You’ll have to measure people on outcomes rather than inputs – results versus how many hours they did, how early they arrived in the office, how many fires (of their own making?) they put out. 

So you’ll have to get much clearer about what success looks like. And you’ll have to ignore the discomfort that comes from finding out one of your team took their children to the park after school. What matters is what was delivered for the client.

Personal awareness and inner work

The mechanics of working from home or managing a remote team aren’t that complicated. Yes, we could all benefit from some help designing better online meetings and working out which technological solution is best for our own firm.

But the real challenge is to our mental health. Isolation and loneliness, feelings of exclusion, lack of real-time feedback, difficulty switching off when work and home are the same place, feelings of guilt and simply the difficulty adapting to a very different working world have been the hardest aspects of this lockdown for accountants.

As people put together bespoke flexible and remote working solutions all of us will need to rewire our brains. Many beliefs and assumptions about what hard work looks like will have to be rethought. We will have to learn to manage our feelings of guilt when we knock off at 3pm because we started at 6am.

We will have to withhold judgement when we call a colleague and find they are out, who knows where, all afternoon. We will have to resist the temptation to answer emails sent at 11pm if we prefer to start early and finish early while other colleagues prefer to start late and finish late.

The mental and emotional shifts are far harder to accomplish because we don’t know what beliefs and assumptions we have until we crash up against them. Expect to be frustrated by other people and guilty about your own choices before you realise that you’re operating from an outdated mental model which needs adjusting to the new reality. This is probably a lifetime’s work.

Your client’s world is changing too

And while you are adapting to this new personalisation, so is your client. The knock-on effects of personalisation will impact every business. This throws up some meaty challenges for accountants who will still be operating within a conventional tax system (until the system catches up).

Expenses and benefits systems weren’t created with mass remote working in mind. What about remote workers working from other countries? Will the whole idea of employees be rethought as the distinction between employed and freelance is eroded?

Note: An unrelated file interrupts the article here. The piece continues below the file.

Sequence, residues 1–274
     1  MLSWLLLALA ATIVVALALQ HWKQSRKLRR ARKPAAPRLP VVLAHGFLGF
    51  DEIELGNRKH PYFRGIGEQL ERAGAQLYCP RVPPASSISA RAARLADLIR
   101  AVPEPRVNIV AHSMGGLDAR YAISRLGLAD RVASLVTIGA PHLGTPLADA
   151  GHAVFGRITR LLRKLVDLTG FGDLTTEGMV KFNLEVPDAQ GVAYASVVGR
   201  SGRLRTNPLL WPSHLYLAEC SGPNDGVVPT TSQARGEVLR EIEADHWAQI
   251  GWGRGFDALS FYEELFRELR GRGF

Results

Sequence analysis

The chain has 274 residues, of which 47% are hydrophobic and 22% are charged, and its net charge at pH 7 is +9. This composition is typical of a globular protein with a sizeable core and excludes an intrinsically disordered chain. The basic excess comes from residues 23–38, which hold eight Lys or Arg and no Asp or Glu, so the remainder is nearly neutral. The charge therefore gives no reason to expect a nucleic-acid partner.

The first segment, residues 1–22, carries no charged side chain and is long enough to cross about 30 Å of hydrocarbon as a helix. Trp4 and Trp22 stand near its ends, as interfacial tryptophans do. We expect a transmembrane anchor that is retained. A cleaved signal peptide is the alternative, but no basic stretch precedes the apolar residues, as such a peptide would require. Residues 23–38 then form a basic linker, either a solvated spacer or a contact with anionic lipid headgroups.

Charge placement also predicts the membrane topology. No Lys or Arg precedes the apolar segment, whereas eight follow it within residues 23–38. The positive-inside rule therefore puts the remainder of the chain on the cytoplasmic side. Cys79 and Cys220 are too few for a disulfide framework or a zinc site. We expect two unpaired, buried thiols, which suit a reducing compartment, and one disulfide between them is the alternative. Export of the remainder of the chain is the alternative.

What will differentiate those working flexibly from those working part-time? What opportunities do flexible, remote and other personalized arrangements create to reduce a client’s tax bill? Do you need to become an expert in the implications of personalisation in order to serve your clients better? And how will you feel when a client decides to relocate to the Bahamas for six months a year and work from there, just because they can?

Accountants can’t be behind the times here. Because clients will need help as they navigate these uncharted waters. Unless you’re willing to embrace the future as quickly as them, or be a step ahead, you’ll find yourself increasingly irrelevant.   

Replies (2)

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Georgia Duffee
By Georgia Duffee
02nd Jun 2020 09:52

Fantastic article, very very interesting and I wonder what effect this will have on desired locations, commuting and more!

Thank you for sharing these views. Very inspired.

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By Cardigan
03rd Jun 2020 14:26

Great article.

"We will have to learn to manage our feelings of guilt when we knock off at 3pm because we started at 6am." <=This is me.

"We will have to withhold judgement when we call a colleague and find they are out, who knows where, all afternoon." <= Also me

Thanks for putting into words, the feelings I have been trying to make sense of.